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Post-doc Project: Temperature measurements using fluorescent nanoparticles: application to the determination of the thermal effects in turbulent cavitating flows

Starting: September 2014

 

When a liquid is submitted to severe accelerations, the fluid’s pressure can locally reach values lower than the vapor pressure causing the formation of gas bubbles.

This cavitation phenomenon is a major concern in industrial systems such as fluid machines, pumps and turbines, in which the presence of bubbles can substantially lower the efficiency. Furthermore, through interacting with the turbulence of the fluid, cavitation also alters the properties of the flow causing important dysfunctions. These interactions are suspected to become even more significant in thermosensible fluids such as those used in rocket engine turbopumps for instance, due to their high susceptibility to the thermal effects of cavitation occurring upon the liquid-to-gas transition.

 

This project aims at investigating the thermophysical properties of cavitating flows, with an emphasis on the thermal effects associated to viscous heating, liquid – vapor latent heat, and temperature inside a collapsing bubble.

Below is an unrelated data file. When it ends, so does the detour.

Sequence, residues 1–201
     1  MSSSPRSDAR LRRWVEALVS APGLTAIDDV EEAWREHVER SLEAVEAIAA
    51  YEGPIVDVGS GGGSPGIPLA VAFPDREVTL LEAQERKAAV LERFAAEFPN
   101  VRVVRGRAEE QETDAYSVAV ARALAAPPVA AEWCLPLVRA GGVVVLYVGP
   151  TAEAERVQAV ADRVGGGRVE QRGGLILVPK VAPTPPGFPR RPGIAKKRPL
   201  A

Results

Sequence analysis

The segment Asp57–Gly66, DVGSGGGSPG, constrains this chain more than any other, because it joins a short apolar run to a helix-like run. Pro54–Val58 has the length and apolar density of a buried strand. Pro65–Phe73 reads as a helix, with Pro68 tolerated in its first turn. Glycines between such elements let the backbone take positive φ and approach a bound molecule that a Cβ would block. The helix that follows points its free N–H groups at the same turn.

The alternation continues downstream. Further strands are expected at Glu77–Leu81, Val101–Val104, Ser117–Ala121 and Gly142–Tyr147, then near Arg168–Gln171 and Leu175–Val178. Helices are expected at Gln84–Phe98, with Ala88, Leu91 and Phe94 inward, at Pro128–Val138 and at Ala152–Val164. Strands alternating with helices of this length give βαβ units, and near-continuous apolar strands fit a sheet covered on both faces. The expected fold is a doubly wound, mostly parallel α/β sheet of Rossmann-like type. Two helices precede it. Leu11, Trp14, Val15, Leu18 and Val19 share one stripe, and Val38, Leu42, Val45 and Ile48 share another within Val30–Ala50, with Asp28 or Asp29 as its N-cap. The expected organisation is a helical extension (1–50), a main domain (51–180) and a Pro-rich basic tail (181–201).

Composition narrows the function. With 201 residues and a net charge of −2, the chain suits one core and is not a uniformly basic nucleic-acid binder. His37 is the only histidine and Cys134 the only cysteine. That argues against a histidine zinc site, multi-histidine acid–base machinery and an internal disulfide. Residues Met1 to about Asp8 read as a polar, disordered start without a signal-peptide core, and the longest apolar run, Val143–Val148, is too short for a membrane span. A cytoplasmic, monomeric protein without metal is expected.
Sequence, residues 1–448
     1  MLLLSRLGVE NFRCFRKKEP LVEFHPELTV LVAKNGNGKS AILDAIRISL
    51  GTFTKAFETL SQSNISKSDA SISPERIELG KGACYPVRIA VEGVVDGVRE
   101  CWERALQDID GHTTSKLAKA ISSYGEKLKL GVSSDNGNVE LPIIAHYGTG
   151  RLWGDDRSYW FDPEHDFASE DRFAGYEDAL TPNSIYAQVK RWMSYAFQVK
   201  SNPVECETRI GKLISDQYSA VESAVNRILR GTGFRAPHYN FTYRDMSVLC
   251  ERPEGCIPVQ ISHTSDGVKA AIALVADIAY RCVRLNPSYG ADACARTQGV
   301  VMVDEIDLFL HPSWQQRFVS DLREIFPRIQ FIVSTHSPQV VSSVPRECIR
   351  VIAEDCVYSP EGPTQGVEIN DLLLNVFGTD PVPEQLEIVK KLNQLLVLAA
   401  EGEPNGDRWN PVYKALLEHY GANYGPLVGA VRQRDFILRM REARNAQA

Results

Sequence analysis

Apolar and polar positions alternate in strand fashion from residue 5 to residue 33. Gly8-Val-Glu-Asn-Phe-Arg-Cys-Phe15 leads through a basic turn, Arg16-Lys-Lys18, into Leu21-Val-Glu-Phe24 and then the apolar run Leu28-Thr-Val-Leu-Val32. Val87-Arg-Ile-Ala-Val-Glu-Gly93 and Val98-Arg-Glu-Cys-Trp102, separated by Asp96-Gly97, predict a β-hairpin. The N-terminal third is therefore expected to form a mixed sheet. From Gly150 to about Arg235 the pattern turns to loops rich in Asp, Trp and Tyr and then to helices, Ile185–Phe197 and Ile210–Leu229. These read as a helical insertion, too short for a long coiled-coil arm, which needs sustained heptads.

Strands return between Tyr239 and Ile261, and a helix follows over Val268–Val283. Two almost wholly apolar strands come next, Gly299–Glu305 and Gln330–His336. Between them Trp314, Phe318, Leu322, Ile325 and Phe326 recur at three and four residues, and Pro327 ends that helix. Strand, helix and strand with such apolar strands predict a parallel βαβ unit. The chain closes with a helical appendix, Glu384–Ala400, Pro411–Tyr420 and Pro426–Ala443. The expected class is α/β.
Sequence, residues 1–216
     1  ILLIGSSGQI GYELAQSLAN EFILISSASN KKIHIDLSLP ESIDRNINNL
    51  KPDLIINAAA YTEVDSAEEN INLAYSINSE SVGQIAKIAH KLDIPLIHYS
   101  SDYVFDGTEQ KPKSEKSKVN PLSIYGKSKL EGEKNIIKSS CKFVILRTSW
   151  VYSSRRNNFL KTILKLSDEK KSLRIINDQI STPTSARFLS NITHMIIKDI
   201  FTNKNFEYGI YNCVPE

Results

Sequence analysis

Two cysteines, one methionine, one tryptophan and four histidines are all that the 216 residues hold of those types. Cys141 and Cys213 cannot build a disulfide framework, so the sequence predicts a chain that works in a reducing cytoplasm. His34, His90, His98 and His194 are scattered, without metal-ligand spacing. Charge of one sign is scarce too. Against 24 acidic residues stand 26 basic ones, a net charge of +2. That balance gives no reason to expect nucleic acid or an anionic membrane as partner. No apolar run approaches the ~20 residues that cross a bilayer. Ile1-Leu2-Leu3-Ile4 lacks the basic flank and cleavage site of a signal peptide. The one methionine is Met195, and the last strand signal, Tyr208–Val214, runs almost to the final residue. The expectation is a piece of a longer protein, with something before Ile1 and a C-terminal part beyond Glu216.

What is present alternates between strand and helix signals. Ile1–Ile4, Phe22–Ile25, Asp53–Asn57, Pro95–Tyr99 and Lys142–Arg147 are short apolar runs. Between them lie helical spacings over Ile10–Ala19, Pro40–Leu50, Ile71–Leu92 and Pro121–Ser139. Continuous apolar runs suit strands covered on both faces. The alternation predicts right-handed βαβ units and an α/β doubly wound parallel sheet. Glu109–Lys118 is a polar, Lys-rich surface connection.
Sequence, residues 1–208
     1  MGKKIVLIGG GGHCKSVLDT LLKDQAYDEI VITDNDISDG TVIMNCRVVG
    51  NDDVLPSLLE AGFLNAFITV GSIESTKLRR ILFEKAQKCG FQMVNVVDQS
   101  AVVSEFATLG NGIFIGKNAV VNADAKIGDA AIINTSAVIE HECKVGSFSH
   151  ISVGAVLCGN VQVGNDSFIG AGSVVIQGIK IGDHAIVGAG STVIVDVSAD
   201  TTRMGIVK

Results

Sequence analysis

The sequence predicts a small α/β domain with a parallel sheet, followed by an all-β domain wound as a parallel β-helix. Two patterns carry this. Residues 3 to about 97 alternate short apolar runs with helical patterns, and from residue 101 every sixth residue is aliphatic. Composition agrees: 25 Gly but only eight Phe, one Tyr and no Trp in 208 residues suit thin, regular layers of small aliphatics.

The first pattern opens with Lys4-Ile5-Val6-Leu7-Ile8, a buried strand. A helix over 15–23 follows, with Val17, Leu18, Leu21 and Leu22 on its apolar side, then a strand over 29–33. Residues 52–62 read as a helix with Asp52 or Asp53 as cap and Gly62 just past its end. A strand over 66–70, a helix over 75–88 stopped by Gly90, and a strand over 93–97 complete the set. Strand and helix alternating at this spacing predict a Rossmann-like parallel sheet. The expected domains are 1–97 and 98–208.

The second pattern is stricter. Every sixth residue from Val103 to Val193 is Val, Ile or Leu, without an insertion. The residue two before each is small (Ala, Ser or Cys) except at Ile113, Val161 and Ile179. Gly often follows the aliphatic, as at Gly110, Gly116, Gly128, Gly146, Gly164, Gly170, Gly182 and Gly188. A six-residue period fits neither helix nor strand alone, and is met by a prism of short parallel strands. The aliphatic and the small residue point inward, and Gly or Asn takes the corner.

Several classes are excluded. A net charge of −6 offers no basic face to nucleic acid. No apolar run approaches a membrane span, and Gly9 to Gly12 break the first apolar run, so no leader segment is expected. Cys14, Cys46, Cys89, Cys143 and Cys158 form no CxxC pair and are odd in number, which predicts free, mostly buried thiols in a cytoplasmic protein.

Thermal mapping of a cavitationg jet emerging from a micro-diaphragm
Thermal mapping of a cavitationg jet emerging from a micro-diaphragm

Our experimental approach is based on the use of thermosensitive fluorescent nanoparticles to perform local non-intrusive measurements of the temperature and the velocity fields in the liquid phase. We simultaneously measure velocity, density and temperature to describe the coupling of turbulence and thermodynamic effects occurring during phase change.

This will be done using confocal microscopy in micro-channels configurations displaying turbulent cavitating two phase flows. These micro-machine devices will be adapted to X rays-absorption techniques for void ratio measurements and to micro-PIV-LIF(1) in order to obtain instantaneous velocity and temperature fields.

 


These experimental results should bring an increased understanding of the average and turbulent velocity distributions, and their correlation with the thermal and density distributions. This would represent a major advance in fluid mechanics and should help validating the modelling strategies used in numerical simulations.

 

This project involves a collaboration between the laboratory LEGI and the Institut Lumière Matière of Lyon.

 

(1) Particle Image Velocimetry – Laser Induced Fluorescence

 

PI: Frédéric Ayela; Co-PI: Gilles Ledoux; Post-doc researcher:  Stéphane Mossaz (view his CV)

 

Project update


Published online 31 August 2016Mossaz S, Colombet D, Ayela F. Hydrodynamic cavitation of binary liquid mixtures in laminar and turbulent flow regimes, Experimental Thermal and Fluid Science.

Published online 22 September 2015: Mossaz S, Colombet D, Ledoux G, Ayela F. Role of the thermal entrance length on the viscous heating in microchannels, Microfluidics and Nanofluidics.

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